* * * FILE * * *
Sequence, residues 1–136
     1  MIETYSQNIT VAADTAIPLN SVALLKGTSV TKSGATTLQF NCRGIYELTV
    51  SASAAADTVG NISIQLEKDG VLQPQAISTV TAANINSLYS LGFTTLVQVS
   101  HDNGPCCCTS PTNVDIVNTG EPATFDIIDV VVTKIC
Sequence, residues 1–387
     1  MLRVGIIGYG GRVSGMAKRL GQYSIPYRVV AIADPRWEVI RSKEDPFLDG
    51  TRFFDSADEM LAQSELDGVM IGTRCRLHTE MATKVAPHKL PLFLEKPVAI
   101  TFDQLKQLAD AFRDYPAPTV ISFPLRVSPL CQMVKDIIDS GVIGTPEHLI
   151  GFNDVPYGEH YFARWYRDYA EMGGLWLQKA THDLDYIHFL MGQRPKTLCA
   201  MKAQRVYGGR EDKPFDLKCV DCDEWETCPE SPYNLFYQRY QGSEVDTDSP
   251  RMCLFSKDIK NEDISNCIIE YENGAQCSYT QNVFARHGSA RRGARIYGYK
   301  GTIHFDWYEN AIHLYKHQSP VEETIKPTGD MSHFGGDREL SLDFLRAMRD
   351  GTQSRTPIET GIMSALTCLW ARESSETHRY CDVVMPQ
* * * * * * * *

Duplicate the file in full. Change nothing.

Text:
Sequence, residues 1–136
     1  MIETYSQNIT VAADTAIPLN SVALLKGTSV TKSGATTLQF NCRGIYELTV
    51  SASAAADTVG NISIQLEKDG VLQPQAISTV TAANINSLYS LGFTTLVQVS
   101  HDNGPCCCTS PTNVDIVNTG EPATFDIIDV VVTKIC
Sequence, residues 1–387
     1  MLRVGIIGYG GRVSGMAKRL GQYSIPYRVV AIADPRWEVI RSKEDPFLDG
    51  TRFFDSADEM LAQSELDGVM IGTRCRLHTE MATKVAPHKL PLFLEKPVAI
   101  TFDQLKQLAD AFRDYPAPTV ISFPLRVSPL CQMVKDIIDS GVIGTPEHLI
   151  GFNDVPYGEH YFARWYRDYA EMGGLWLQKA THDLDYIHFL MGQRPKTLCA
   201  MKAQRVYGGR EDKPFDLKCV DCDEWETCPE SPYNLFYQRY QGSEVDTDSP
   251  RMCLFSKDIK NEDISNCIIE YENGAQCSYT QNVFARHGSA RRGARIYGYK
   301  GTIHFDWYEN AIHLYKHQSP VEETIKPTGD MSHFGGDREL SLDFLRAMRD
   351  GTQSRTPIET GIMSALTCLW ARESSETHRY CDVVMPQ